RIO GRANDE COMMUNITY HEALTH CENTER, INC., et al., Plaintiffs, Appellees, v. Hon. Ana Ríus ARMENDÁRIZ, Secretary of the Department of Health of the Commonwealth of Puerto Rico, Defendant, Appellant.
After a decade of litigation over the Commonwealth of Puerto Rico's failure to make “wraparound” payments under federal Medicaid law, 42 U.S.C. § 1396a(bb), the district court entered an order compelling the payment of amounts due plaintiffs according to a lawful, prospective injunction.1 When the defendant failed to make those payments in accord with the terms of the order, and after exhausting efforts to secure defendant's voluntary compliance, the district court entered additional orders, one directed to the Commonwealth-owned Government Development Bank of the Commonwealth of Puerto Rico (attaching funds held on behalf of the Commonwealth's Treasury Department), and a second directed to the president of that bank (ordering her to issue a check for the amount due plaintiffs). The defendant has appealed those orders. In connection with that appeal, she asks that we stay the district court orders that are the subject of the appeal. We initially issued a brief, temporary stay so that we could consider the merits of the stay motion. For the following reasons, we now dissolve that temporary stay and deny the motion to stay.
The defendant must make the following four showings to secure a stay: “(1) a strong showing that [it] is likely to succeed on the merits, (2) a showing that unless a stay is granted [it] will suffer irreparable injury, (3) a showing that no substantial harm will come to the other interested parties, and (4) a showing that a stay will do no harm to the public interest.” Ainsworth Aristocrat Intern. Pty. v. Tourism Co., 818 F.2d 1034, 1039 (1st Cir.1987).
In an effort to make these required showings, the defendant argues that the orders violate the Eleventh Amendment. We have already rejected such an argument, albeit in dictum, in this very litigation. See Concilio de Salud Integral de Loiza, Inc. v. Perez–Perdomo, 625 F.3d 15, 19–20 & n. 4 (1st Cir.2010) (“[O]nly if the state were disobeying a forward-looking court order to make such payments could a violation of that order be redressed by a federal court remedial directive to make payments to comply with the preexisting order.”) (emphasis in original) (citing Frew ex rel. Frew v. Hawkins, 540 U.S. 431, 440, 124 S.Ct. 899, 157 L.Ed.2d 855 (2004); Hutto v. Finney, 437 U.S. 678, 690–91, 98 S.Ct. 2565, 57 L.Ed.2d 522 (1978)); Concilio de Salud Integral de Loiza, Inc. v. Perez–Perdomo, 551 F.3d 10, 18 n. 8 (1st Cir.2008) ( “Any claims for past non-compliance with the district court's preliminary injunction, though claims for monies due, are also not barred by the Eleventh Amendment.”). While we reserve final decision until we rule on the appeal, we easily find now that the defendant is not likely to change our preliminary view. As the Supreme Court observed in Hutto, “the principles of federalism that inform Eleventh Amendment doctrine surely do not require federal courts to enforce their decrees only by sending high state officials to jail. The less intrusive power to impose a fine is properly treated as ancillary to the federal court's power to impose injunctive relief.” 437 U.S. at 691. These orders on appeal would seem to represent actions more modest and less intrusive in their effect than the fines and imprisonment expressly blessed in Hutto.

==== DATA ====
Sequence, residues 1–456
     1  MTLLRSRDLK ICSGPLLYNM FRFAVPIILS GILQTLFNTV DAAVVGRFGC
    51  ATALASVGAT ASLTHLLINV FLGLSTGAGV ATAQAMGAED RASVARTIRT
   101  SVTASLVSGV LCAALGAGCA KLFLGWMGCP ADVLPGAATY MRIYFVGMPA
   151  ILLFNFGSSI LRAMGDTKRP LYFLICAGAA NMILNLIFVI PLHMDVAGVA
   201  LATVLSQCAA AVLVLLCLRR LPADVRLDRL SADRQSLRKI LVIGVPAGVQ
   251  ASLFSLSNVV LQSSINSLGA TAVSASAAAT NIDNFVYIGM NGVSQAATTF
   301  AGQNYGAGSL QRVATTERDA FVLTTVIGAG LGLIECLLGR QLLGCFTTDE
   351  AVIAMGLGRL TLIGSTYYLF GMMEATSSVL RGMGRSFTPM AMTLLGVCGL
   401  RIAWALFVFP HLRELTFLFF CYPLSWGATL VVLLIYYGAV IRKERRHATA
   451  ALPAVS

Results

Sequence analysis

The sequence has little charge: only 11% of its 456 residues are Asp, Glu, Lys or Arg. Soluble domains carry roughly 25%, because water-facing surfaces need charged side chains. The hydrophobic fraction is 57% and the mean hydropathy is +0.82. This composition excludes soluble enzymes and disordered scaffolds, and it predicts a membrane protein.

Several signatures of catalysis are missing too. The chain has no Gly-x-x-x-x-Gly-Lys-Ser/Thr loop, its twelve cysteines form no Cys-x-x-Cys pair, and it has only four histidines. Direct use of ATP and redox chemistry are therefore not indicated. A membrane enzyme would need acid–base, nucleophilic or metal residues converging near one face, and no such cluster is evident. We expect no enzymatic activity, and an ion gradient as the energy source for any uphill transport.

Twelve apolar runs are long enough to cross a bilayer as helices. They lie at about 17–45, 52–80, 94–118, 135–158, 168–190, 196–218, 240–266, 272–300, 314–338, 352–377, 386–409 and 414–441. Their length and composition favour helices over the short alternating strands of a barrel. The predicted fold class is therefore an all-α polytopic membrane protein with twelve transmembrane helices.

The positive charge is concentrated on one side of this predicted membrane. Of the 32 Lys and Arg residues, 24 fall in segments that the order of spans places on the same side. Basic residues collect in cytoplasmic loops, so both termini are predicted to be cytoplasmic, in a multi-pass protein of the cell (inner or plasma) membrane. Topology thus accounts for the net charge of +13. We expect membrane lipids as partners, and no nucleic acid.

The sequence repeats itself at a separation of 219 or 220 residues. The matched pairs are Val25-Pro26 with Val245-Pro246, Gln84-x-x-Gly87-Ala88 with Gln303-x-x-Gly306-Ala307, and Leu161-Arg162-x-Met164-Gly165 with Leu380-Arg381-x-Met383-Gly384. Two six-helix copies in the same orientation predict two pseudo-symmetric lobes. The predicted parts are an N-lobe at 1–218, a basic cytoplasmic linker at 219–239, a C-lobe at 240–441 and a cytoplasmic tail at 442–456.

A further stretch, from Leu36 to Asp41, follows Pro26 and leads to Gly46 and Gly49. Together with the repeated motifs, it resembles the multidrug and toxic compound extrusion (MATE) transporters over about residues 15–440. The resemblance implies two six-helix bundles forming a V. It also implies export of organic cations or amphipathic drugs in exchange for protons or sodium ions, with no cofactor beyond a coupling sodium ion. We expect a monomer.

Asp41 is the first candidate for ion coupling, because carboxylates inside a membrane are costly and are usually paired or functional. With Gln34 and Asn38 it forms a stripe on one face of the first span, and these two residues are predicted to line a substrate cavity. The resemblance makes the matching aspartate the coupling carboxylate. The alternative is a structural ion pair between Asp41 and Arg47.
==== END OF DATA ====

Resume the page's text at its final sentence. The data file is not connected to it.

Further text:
The defendant also argues that Commonwealth law does not allow attachment of Commonwealth funds, and that the district court under Federal Rule of Civil Procedure 69 can only attach funds to execute on a monetary judgment in the manner allowed for by Commonwealth law. Whether this is so we need not decide. Rather, we need only observe that it is not likely that the court's inherent powers in aid of enforcing its orders for prospective payments are limited in this manner by Rule 69. See, e.g., Spain v. Mountanos, 690 F.2d 742, 744–45 (9th Cir.1982) (noting the district court's “plenary power to enforce its commands”).
We also acknowledge the extreme financial distress in which the Commonwealth finds itself. That distress, however, at least without action by Congress, would not seem to justify a failure to comply with a lawful order, especially where the district court has been so patient in enforcing its order.2
For the aforementioned reasons, we dissolve the temporary stay of the district court's orders that we entered on June 23, 2015, and we deny defendant's motion to stay those orders pending the resolution of any appeal from the orders.
1. This protracted litigation has reached the First Circuit six prior times. See Consejo de Salud v. Gonzalez–Feliciano, 695 F.3d 83 (1st Cir.2012); Concilio de Salud Integral de Loíza, Inc. v. Pérez–Perdomo, 625 F.3d 15 (1st Cir.2010); Concilio de Salud Integral de Loiza, Inc. v. Pérez–Perdomo, 551 F.3d 10 (1st Cir.2008); Dr. José S. Belaval, Inc. v. Pérez–Perdomo, 488 F.3d 11 (1st Cir.2007); Dr. José S. Belaval, Inc. v. Pérez–Perdomo, 465 F.3d 33 (1st Cir.2006); Rio Grande Cmty. Health Ctr., Inc. v. Rullan, 397 F.3d 56 (1st Cir.2005).
2. Regarding the Commonwealth's claim of irreparable harm, to the extent the Commonwealth accessed estimated matching funds from the federal government for the relevant quarter pursuant to 42 U.S.C. § 1396b(d) and 45 C.F.R. § 201.5(c), being compelled to put those funds to their intended use—Medicaid expenses—can hardly be classified as causing irreparable harm.